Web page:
Twenty years ago, when Ayshemhan Abdulla, sent her three teenage children to a local home-based religious school, little did she know that her action would later land her in prison for 21 years.
At the time, the Uyghur housewife, now 62, thought she was doing what was best for her two daughters and one son by ensuring they received Islamic religious instruction in keeping with their Muslim Uyghur identity in China’s far-western Xinjiang Uyghur Autonomous Region.
When Chinese authorities began the “strike hard” campaign in Xinjiang in 2014, they imposed severe penalties on Uyghurs, arrested them arbitrarily, and began a propaganda drive against the group’s ethnic customs and religious faith under the guise of promoting modernity.
As part of the campaign, authorities destroyed mosques, restricted religious practices, forbid Islamic garb and long beards for men, banned Islamic names for children, and prohibited fasting during the holy month of Ramadan.
By 2017, the situation for the repressed minority group had grown worse. That year, authorities began forcing what would amount to roughly 1.8 million Uyghurs and other Turkic minorities into “re-education” camps. Chinese officials claimed the camps were vocational training centers meant to prevent terrorism and religious extremism.
Beyond the detentions, authorities subjected Uyghurs to intense surveillance, torture, forced labor, involuntary sterilizations and other severe human rights abuses.
Abdulla got caught up in Chinese authorities’ dragnet in Xinjiang, where more than 11 million Turkic-speaking, mostly Muslim Uyghurs live.
They arrested Abdulla, a resident of Ghulja county, or Yining in Chinese, and sentenced her to 21 years in prison in 2017 for sending her children to a house religious school, said a security chief from her village in Qarayaghach township.
“She is serving her prison term in Baykol Women’s Prison in Ghulja city,” said the man who declined to be named out of concern for his safety. “For each child she sent, she received seven years in prison.”
Authorities also took Abdulla’s children to a camp and held them for more than a year, but later released them, the village security chief said.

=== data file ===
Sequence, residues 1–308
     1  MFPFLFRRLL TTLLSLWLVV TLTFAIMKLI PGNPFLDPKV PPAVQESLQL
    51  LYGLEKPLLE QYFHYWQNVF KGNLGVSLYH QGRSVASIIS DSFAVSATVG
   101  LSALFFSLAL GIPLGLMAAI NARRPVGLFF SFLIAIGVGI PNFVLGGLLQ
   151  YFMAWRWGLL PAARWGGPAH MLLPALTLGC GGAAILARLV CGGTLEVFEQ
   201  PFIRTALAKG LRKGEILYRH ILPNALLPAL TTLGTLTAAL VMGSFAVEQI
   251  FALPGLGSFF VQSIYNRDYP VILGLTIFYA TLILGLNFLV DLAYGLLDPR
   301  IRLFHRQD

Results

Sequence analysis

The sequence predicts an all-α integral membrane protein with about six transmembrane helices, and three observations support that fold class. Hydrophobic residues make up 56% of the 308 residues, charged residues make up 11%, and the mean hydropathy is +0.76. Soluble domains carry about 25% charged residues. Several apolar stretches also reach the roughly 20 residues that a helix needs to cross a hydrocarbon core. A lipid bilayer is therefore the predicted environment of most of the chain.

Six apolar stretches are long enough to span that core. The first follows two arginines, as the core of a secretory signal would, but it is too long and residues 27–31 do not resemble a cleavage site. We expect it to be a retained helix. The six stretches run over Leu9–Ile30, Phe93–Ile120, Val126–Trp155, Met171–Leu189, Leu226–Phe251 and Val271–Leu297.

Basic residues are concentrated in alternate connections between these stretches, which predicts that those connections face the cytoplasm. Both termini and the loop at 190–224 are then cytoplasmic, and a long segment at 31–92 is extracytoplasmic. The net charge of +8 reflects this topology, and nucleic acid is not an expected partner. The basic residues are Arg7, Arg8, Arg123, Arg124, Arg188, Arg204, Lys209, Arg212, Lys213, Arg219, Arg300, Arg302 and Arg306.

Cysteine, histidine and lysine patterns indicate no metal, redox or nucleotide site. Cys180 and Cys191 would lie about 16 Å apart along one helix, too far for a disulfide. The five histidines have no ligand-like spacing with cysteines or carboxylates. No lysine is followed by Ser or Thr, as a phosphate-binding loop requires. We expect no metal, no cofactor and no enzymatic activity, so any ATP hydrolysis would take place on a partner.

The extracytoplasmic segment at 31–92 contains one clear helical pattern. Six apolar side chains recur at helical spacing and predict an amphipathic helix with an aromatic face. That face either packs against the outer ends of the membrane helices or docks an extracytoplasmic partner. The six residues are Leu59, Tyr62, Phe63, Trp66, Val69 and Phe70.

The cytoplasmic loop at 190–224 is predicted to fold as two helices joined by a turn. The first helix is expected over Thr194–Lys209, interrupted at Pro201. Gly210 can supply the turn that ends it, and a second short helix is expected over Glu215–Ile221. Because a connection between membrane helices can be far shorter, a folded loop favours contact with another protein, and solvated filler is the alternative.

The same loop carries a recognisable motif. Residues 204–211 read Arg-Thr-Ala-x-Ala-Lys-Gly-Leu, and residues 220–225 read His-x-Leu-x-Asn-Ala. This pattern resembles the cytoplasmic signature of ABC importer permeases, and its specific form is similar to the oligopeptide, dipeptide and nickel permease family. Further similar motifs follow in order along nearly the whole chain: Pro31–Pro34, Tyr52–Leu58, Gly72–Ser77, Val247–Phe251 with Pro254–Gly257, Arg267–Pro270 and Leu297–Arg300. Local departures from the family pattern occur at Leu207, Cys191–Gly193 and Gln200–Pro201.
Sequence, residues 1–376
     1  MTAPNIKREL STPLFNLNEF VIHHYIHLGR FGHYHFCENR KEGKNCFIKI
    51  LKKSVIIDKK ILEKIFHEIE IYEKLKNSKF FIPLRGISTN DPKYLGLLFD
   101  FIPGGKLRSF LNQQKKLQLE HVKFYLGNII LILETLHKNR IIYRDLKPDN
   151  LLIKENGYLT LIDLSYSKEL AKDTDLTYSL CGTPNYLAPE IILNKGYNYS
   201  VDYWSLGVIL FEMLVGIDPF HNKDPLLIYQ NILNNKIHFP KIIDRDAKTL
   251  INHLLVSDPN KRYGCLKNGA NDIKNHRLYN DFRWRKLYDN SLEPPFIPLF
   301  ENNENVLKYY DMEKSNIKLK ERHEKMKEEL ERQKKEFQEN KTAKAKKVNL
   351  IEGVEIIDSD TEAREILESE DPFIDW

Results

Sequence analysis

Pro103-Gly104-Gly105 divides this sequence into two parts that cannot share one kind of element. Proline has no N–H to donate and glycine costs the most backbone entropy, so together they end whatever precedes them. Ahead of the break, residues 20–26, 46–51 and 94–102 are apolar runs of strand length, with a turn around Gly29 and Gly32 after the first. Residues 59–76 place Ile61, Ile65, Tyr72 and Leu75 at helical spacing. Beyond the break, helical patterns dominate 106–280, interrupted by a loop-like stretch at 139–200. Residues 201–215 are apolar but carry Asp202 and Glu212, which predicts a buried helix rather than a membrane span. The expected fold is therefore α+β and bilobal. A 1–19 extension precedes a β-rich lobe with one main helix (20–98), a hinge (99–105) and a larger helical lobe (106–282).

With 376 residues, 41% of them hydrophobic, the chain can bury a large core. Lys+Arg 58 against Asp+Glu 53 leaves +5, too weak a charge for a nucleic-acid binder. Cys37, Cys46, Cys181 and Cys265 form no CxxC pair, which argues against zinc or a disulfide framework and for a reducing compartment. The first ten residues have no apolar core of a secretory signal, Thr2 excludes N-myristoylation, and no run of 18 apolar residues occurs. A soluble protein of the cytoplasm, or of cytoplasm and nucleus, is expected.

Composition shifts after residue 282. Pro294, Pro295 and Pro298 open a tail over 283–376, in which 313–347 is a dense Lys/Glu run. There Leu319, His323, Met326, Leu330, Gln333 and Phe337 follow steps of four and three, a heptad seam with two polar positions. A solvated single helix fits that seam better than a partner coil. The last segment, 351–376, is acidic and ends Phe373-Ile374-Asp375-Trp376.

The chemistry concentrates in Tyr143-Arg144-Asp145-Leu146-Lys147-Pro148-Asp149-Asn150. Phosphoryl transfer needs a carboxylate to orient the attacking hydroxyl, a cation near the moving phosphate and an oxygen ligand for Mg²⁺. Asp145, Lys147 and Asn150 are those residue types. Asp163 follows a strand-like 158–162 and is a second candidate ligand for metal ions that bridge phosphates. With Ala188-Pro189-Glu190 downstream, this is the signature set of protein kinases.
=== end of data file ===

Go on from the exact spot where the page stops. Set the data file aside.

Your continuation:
Many Uyghurs over 60 were arrested and sentenced to harsh prison sentences for sending their children to religious schools though they had done so more than a decade ago, according to the Xinjiang Police Files, a cache of millions of confidential documents hacked from Xinjiang police computers and released in May 2022. Though Abdulla was not on the list, the files indicate that the arrests of innocent people were not legal.
‘Incompatible with relevant laws’
A Uyghur former police officer, who declined to give his name for fear of his safety, said Abdulla’s harsh sentence was likely not the decision of judicial authorities but made by the Chinese Communist Party’s political and legal committee.
The former policeman, who now lives in Sweden, said he believes Beijing authorities set their own arrest numbers and told local authorities who should receive harsh punishments.
“Sentencing someone to such a long prison term is incompatible with the relevant laws,” he told Radio Free Asia.
“Beijing’s central government might have given the local political and legal committee assignments to harshly punish Uyghurs in the concentration camps since the mass detention started in 2017,” he said. “There was an order and pressure from Beijing, and thus they arbitrarily detained and harshly sentenced innocent Uyghurs to meet Beijing’s quota.”
The Chinese apparatus at various levels completed their “assignments” by imposing a “seven-year prison sentence for each person who sent her kid to religious school.”
The former officer said misuse of legal power and abuse of the law were rife when he worked in the police force in Xinjiang in the early 2000s, though Chinese authorities tried to justify their policies.
Back then, no matter if legal authorities held open or secret trials, they always used to inform the convicts’ families about their sentencing and their right to oppose the court’s decision, he said.
“They attempted to go by some rules and legal procedures to deal with the arrested then,” the former policeman said. “It was impossible to imagine someone being sentenced to 21 years in prison for sending her children to a religious school when I worked 20 years ago.”
“Compared to then, the situation has worsened dramatically now,” he said. “At present, they have no shame at all in breaking their laws and openly abusing them.”
Other women in Qarayaghach met a similar fate.
Halide Qurban, a Uyghur from the same village as Abdulla, received 18 years in prison, 14 years for sending her two children to a religious school and four years for illegal praying activity, the village security official said.
“She was an illiterate woman and she died in prison because she had diabetes,” he said.